Anna Thomas: landscape artist

The home and studio of artist Anna Thomas is not the easiest place to find, but I knew I must be in the right location when I saw a woman waving cheerily at the side of the road with trousers splattered in a rainbow range of paint and a dog at her side, writes Amanda Penman.

“I thought it would be better to wait for you here as it can be a bit difficult to find,” she said as she led me up the path to the house which nestles in the gently rolling landscape just south of Ashbourne.

Once inside Rose Cottage there was definitely no mistaking that you were inside the home of a creative clan, as there was artwork filling every nook and cranny – each piece a little part of their family history.

Anna’s father sculpted and her mother painted. Anna’s own early work was in stained glass and ceramics; her children also have artistic flair and their more contemporary work is mixed in with that of their mother and grandparents.

It was while struggling on a nursing degree that Anna first realised she actually wanted to study art, and she swapped to an A level art course by day and life drawing classes in the evening.

She then went on to study Art and Psychology at Surrey University, following it up with an MA in ceramics.

“At the time it felt like the most natural thing to do. I found I loved everything about art, from the paper and paint to being scruffy and working late into the night. It made me happy,” she explained.

Following her degree Anna had some success with large scale commissions for stained glass and ceramic murals in several London hospitals, but then took a step back to bring up her family.

“When my four children came along I concentrated on them, but art never leaves you though, and I found ways of channelling my creativity into a variety of costumes and props for the children,” she said, later showing me some of the fun results dotted around the house.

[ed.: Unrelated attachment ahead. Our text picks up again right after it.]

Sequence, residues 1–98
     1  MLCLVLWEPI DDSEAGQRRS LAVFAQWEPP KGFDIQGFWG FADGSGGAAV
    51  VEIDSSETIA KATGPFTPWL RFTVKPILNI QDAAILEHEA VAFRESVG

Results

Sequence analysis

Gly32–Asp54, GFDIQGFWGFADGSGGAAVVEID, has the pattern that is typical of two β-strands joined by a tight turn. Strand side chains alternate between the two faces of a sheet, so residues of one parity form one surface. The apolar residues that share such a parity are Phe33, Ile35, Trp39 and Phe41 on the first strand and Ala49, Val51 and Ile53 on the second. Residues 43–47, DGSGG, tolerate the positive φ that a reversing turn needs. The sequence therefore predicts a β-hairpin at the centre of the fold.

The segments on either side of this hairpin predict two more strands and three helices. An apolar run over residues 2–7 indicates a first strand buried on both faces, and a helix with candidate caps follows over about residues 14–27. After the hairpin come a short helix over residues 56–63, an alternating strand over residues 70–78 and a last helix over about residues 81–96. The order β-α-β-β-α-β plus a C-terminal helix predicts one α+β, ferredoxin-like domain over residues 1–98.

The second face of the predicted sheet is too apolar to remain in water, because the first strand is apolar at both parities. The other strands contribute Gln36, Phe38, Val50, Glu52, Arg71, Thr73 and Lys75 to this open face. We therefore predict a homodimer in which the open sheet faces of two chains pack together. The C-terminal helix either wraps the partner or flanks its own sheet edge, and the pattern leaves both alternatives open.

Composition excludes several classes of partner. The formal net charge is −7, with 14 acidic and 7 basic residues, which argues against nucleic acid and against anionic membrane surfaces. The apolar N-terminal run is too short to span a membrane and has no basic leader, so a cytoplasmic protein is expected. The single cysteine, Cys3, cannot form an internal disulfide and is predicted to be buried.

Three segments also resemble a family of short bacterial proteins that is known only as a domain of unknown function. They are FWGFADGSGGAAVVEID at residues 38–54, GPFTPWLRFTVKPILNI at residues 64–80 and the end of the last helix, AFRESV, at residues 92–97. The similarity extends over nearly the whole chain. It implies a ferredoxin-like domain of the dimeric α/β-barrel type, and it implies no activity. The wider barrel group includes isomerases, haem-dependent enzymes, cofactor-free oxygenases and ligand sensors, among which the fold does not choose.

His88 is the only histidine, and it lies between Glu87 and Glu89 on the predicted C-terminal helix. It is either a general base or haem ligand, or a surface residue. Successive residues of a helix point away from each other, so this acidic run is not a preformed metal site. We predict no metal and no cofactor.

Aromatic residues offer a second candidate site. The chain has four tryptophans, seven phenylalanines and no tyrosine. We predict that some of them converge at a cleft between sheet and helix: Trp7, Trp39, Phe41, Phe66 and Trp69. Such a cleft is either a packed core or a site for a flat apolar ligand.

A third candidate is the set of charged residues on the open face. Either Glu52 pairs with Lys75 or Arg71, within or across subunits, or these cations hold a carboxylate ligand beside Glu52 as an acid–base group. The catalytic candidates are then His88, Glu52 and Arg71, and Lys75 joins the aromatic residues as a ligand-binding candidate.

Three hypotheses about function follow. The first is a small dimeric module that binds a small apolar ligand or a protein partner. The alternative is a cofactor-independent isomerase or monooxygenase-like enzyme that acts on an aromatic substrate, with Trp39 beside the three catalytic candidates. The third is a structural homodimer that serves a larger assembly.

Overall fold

“As the children grew older I found I had time to concentrate more on fine art and I started working on smaller sculptures and paintings and exhibited at the Ashbourne Festival Summer Art Exhibition a few times.

“The turning point for me was when one of my paintings was selected for the Derby City Open in 2012. Following on from that Geoff Robson invited me to present my first solo exhibition at the Derby Cathedral Centre.

“He was so supportive it gave me more confidence with my work, so a lot of what has happened since is thanks to him,” she said.

Two years later Anna won The Derbyshire Trophy and her painting Sheep on Hard Ground is part of the permanent collection at Buxton Museum and Art Gallery.

That success let to her being spotted by Mark and Petra Courtney at St John Street Gallery in Ashbourne where she has had two solo exhibitions and always has work available.

“They have been marvellous and I am really thrilled to be in their gallery. They give me so much advice and I can just leave all that side of the business to them while I get on with the painting which is just how I prefer it to be,” she said with a huge smile.

Anna is fortunate to be surrounded by winding lanes, brooks, hedgerows, fields and plenty of wildlife which provide her with endless inspiration for her work.

She tends not to feature the wider landscape but instead concentrates on the closer detail such as cow parsley, swelling buds or flitting birds.

“When I stand outside and paint I feel very much part of it all. I never know when inspiration for a new painting will occur, but I return with an easel or sketchbook and make a series of sketches or create a loose painting,” she said.

“At that point I am using my eyes but then I return to my studio and I use my memory and that is when it becomes more interesting – when it shifts from what you see to what you feel – the sounds and smells, the chills or the heat come through.

“The best state to be in is when I do not think about it; then it just pours out of me. Initially I work quite quickly and freely and I have no idea where the painting may lead me.

“Sometimes they evolve into something quite abstracted, others may end up being quite close to the original place. Somehow I just know instinctively when it is complete.”

Anna is one of the eight commissioned artists for the 2017 Ashbourne Festival Summer Art Exhibition and her work can be seen at the Town Hall Ballroom from June 17-24.

You can also see work by the artist as part of the Adam and Eve exhibition in St John Street Gallery from today.